It’s one of the most common dieting tips. Stock your refrigerator and pantry with healthy foods; clear your shelves of junk food and sugar. Remove the temptation and you will choose to (or have to) eat healthy food instead. This makes perfect sense right?
I was terrified to bring junk food such as heavenly hash ice cream, two-bite brownies or a family-sized bag of Cadbury Mini-Eggs into my kitchen. Ice cream would be gone within 24 hours; my husband was lucky to get a scoop. I’d eat a small bowl or two before breakfast and any other time of day I could scoop some in a bowl and wolf it down before anyone noticed.
Yes, I need to avoid junk food temptations. Junk food was not welcome in my house.
The annual wrench in my dieting effort (aka Christmas baking) increased my dread for the holiday season. I love baking gingerbread cookies, shortbread cookies and chocolate treats for presents and hostess gifts. But, I could not handle the temptation, I would eat my way through Christmas; I was lucky if I managed to keep some shortbread for New Year’s dinner.
I was approaching the three month mark in my cognitive therapy journey when Christmas rolled around. We were hosting four events: my son’s baptism, Christmas dinner, New Year’s Eve dinner and a family dinner. I baked more cookies than in previous years.
By some sort of miracle, I had lots of cookies for all the events. To my shock, I wasn’t even interested in eating the Christmas baking. Here and there I’d have a gingerbread man or piece of shortbread. Even with all the events and handmade gifts for friends, the cookies almost lasted until February.
Then something weird happened. I was feeling anxious; the hunting and obsessing about food started again. What was going on? I had baked and stored dozens of cookies for almost a month and a half; I managed to navigate a dieting minefield with ease. The temptation was gone, so why was I feeling anxious?
“I felt a sense of loss when all the Christmas baking was gone. Somehow I was comforted by having something sweet in the house. My anxiety increased significantly.” I told my therapist. “I think I need to have something sweet in the house.”
My therapist and I discussed this discovery. For months, I repeated my mantra, “I can eat it if I really want it. I can have more, buy more and make more if I really want it.” It took time and many bowls of granola for my subconscious to actually believe it. But when there was nothing left, (no cookies, no nothing) I was back in diet land: avoid junk food temptation; keep junk food out of your house! Instead avoiding temptation, removing all junk food simply made me crave it even more.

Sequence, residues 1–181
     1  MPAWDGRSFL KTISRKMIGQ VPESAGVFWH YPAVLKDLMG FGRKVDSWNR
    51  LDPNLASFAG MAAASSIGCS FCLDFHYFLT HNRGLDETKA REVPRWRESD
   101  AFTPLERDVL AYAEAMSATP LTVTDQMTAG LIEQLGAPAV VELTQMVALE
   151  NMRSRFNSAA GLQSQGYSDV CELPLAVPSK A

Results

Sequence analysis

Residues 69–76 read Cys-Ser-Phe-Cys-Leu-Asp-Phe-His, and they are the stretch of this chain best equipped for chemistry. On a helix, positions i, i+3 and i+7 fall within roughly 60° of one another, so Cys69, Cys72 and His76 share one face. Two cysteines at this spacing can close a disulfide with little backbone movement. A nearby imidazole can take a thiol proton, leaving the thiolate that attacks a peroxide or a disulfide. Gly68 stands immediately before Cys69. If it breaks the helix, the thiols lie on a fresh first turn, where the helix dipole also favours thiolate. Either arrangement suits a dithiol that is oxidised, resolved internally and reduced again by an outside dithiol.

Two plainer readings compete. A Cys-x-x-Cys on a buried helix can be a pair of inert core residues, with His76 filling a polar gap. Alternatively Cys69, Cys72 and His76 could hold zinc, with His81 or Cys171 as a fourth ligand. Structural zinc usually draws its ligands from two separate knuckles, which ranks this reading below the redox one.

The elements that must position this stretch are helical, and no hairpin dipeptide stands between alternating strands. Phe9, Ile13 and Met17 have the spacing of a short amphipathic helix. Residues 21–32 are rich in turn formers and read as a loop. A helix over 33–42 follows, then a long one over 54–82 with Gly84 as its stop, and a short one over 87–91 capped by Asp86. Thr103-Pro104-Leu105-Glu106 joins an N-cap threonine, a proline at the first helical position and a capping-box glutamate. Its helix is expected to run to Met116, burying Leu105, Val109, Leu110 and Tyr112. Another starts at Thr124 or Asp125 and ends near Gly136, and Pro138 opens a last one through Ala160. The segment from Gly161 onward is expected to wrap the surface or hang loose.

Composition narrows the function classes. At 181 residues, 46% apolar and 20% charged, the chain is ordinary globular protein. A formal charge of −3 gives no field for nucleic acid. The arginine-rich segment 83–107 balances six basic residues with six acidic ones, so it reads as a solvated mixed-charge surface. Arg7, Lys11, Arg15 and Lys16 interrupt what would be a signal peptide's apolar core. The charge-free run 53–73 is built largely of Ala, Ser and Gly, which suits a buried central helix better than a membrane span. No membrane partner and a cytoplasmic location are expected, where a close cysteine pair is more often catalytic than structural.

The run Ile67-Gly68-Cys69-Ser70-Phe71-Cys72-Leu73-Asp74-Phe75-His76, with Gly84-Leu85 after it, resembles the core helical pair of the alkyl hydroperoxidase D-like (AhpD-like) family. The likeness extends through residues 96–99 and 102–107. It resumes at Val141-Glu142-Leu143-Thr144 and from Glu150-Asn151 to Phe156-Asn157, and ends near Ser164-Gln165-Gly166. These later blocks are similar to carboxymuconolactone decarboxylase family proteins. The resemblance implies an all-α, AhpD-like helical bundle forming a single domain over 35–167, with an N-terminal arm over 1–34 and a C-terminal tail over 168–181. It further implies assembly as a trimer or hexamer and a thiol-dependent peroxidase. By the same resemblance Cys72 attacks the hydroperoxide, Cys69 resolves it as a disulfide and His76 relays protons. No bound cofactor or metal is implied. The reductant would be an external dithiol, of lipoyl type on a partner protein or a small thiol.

We came up with a plan to experiment with “bad” (or restricted) foods. I did what every magazine article tells you to not do; I brought junk food back into the house. One “bad” food at a time, I brought ice cream, Oreos, brownies and mini cupcakes to see what would happen.
My anxiety level decreased; I was, in fact, comforted by having some sort of treat/sweet food in the house. I could easily ignore ice cream, chips and crackers. With super sweet stuff like Oreos, brownies and mini cupcakes, I experienced mixed results. Sometimes I would forget about the box of Oreos on my pantry shelf, other times I’d eat an entire row of cookies in one sitting.
I brought in new foods such as Nonnis’ biscotti, a tasty treat, but I didn’t covet this food like I do with Oreos. Sweets without the dieting baggage are the perfect comfort for me. I rarely crave eating the light, crunchy cookies. And when I make the positive choice to eat a biscotti, I eat it slowly (intuitive eating style) so I can enjoy the flavor and texture.
So now I do the exact opposite of dieting convention: I always ensure that I have something sweet (like the biscotti) in my house, sharing shelf space with the healthy foods. I discovered that even if tempting foods are physically removed from my house, this physical hurdle did not quell the psychological temptation. I wanted what I couldn’t have; increasing anxiety and cravings.
Note: I’m not suggesting that you start bringing your restricted foods back into your house. I believe that you need to do what works for you. That may mean keeping the most tempting foods at the store. I had the benefit of making this discovery with help from my therapist and the cognitive behaviour therapy process.